It is the season to be jolly. The excitement is palpable. Jingle bells are tinkling. Drumbeats rent the air. All over, people are singing, wiggling their bottoms like lunatics in the name of dancing and feasting like there is no tomorrow.
In fact, as I hurriedly punch away and edit this magazine (from the comfort of my bed!), I can sniff the sweet scent of baking ugali, roast meat, pilau and other delicacies wafting into my bedroom (how I wish you saw how my nostrils are flaring — they now look like Kibaki’s! Gosh, let me pause and salivate!).
As I write this, someone somewhere has just cut a big chunk of steamy ugali, kneaded it into a bolus, used it to drag and scoop oily vegetables, a fatty piece of meat and thick soup and, shwap, shoveled it into his mouth!
Others are sinking teeth into choice meats and tearing into roast goat ribs; some are gulping beer in copious amounts; others are on the beaches sunning themselves like lizards, others are having a good time on their phones, gossiping and yapping away to no end. Put succinctly, the festive season is upon us.
To hell with work! The party is on. Save for Muslims, it’s livin da vida loca for everyone! Of course, the ‘grinch (those grumpy party poopers who hate Christmas)’ are sulking and cursing, “Damn it! When are these festivities ending!”
Well, when it’s all said and done, many forget Christmas is about celebrating the birth of Jesus Christ. They overindulge — as if it were their birthday bash! Brethren, for crying out loud, it’s Jesus’ birthday, not yours!
Tone down the pandemonium and take it easy. Christmas is time to spare a thought for the homeless, visit the sick, feed the poor and such like activities. Not feasting. Again, remember January is a few days away.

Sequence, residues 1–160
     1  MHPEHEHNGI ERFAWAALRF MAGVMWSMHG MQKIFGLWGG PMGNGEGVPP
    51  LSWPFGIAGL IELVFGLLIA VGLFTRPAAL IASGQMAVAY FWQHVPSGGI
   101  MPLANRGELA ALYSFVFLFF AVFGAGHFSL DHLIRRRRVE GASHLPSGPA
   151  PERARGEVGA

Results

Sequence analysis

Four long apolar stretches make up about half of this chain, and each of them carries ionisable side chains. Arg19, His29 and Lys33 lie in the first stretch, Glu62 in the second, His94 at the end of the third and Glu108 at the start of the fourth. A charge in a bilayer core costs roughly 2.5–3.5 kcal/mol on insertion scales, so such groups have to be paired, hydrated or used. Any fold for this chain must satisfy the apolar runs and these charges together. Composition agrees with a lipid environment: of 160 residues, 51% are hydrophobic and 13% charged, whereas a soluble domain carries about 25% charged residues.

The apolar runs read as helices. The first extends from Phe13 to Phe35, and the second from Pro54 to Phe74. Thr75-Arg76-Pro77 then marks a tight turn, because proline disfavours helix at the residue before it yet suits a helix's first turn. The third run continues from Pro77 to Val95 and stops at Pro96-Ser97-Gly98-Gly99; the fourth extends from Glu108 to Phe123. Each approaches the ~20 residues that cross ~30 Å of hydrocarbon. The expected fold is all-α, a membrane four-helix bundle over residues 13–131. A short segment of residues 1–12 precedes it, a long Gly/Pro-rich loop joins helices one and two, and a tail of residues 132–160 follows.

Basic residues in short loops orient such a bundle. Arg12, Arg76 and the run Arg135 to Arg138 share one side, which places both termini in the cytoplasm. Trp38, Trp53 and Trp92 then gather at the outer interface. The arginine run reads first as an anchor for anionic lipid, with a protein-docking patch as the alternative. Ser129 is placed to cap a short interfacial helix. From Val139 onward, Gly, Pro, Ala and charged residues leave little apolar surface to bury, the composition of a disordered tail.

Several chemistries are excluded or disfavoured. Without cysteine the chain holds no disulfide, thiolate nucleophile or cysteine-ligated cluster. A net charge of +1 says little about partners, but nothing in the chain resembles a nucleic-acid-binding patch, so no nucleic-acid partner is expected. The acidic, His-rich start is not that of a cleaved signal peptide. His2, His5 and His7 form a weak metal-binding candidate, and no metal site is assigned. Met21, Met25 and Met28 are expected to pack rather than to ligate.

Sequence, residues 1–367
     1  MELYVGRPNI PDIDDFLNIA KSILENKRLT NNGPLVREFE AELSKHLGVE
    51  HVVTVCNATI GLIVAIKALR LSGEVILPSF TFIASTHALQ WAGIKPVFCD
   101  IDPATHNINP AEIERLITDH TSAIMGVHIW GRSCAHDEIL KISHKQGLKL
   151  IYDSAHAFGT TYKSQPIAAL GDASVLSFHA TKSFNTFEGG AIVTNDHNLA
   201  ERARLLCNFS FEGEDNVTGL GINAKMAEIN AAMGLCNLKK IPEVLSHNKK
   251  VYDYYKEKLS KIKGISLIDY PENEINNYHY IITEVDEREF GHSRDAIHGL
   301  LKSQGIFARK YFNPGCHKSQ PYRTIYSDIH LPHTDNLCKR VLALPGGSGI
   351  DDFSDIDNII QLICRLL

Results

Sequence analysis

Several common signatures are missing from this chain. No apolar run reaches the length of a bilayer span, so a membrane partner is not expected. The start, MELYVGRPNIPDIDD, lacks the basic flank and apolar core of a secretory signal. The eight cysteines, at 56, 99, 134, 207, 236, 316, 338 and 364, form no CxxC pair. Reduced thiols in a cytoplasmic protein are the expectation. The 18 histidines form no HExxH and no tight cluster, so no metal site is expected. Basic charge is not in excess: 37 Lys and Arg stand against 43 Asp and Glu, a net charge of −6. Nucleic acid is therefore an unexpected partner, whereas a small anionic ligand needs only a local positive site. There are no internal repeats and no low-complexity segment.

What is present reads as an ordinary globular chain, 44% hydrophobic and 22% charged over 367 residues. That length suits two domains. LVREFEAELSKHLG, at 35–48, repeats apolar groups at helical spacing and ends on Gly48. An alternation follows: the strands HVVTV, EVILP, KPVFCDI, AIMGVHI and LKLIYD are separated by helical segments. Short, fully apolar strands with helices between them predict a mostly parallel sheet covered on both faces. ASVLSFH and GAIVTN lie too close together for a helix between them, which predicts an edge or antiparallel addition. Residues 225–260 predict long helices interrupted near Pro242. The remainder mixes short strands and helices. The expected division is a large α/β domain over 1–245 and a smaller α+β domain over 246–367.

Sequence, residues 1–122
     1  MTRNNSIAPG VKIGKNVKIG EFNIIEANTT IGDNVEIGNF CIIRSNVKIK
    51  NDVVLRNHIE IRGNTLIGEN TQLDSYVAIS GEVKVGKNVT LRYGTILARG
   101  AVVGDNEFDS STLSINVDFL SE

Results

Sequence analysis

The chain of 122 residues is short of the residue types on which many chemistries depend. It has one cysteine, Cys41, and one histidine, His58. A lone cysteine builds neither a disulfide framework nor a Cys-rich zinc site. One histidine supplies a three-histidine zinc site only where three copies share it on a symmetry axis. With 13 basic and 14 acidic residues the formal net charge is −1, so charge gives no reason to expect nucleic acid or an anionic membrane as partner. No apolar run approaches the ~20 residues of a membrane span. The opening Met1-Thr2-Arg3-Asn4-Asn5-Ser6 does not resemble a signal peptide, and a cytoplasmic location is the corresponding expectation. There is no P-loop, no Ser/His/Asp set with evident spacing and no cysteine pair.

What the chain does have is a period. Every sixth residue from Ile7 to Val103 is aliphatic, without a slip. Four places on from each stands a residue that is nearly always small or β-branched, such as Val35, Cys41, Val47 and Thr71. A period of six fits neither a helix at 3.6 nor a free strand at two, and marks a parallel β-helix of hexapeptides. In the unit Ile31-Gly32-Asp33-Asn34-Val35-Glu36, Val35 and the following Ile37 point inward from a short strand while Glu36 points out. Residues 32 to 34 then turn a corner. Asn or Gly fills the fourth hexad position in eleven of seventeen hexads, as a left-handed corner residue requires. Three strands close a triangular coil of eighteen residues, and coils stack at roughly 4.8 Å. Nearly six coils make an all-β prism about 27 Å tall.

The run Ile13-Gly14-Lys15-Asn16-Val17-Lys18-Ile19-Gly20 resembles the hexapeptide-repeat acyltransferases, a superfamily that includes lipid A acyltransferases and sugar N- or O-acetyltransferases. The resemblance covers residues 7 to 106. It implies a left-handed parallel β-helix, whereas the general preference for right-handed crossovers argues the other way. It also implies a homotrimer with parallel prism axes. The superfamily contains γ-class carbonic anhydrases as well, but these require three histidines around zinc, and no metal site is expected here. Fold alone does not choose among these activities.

Need I stress January blues and heavy financial demands that month comes with? Mark my words; it will be hell! Let me not belabour the point. Just ask yourself: What would President Magufuli do? Go figure.
My unsolicited advice, however, is, don’t dare travel to your village. It’s a reckless idea in these hard economic times. Doubting? Ask me. Things are so bad there, you buy a villager 300ml soda and he declares you the best candidate for governor, senator or MP post in next general election!
Just M-pesa your parents, siblings and relatives. And send them text messages, telling them you haven’t changed your mind; you still love them to bits. Alternatively, even in the city, like myself, shun Christmas and New Year celebrations.
In fact, parents, after reading this, go pay your kids’ school fees (some of it, I know you can’t afford all of it), do ‘back to school’ shopping for them and pay heavy January bills such as house rent.
Once you’re done, sit petty and just watch how these fellows running all over like headless chicken, singing Mary Christmas and Happy New Year make broke fools of themselves. Well, I know someone is reading this and scoffing, “When did this bugger become a financial expert? Ati we shun Christmas? Kajinga sana!”. Okay, go ahead and take that Sacco loan to fund your Christmas feast and make a Christmas fool of yourself. Oh, and have fun while at it. Oops! I’m getting carried away, and now sounding like a grinch, ain’t I?
In other news, we have two new columnists. After Grace Nakato took a rest, we went for Uganda’s finest. She is witty, insightful and, at times, blunt like a kick in the nuts. She is a peerless storyteller with unrivalled mastery of the queen’s language.
Her sentence are so sweet, you want to eat the newspaper. She can order a sentence to dance, and dance it does! Flip over to page 8 to see for yourself. Annett Kasiime, welcome to this family of crazy intellectuals. Bellow is yet another new column, where Nanjero, a clown who doesn’t need introduction, will henceforth tickle you as he help us laugh at ourselves. Enjoy. Follow me on twitter @tonymalesi.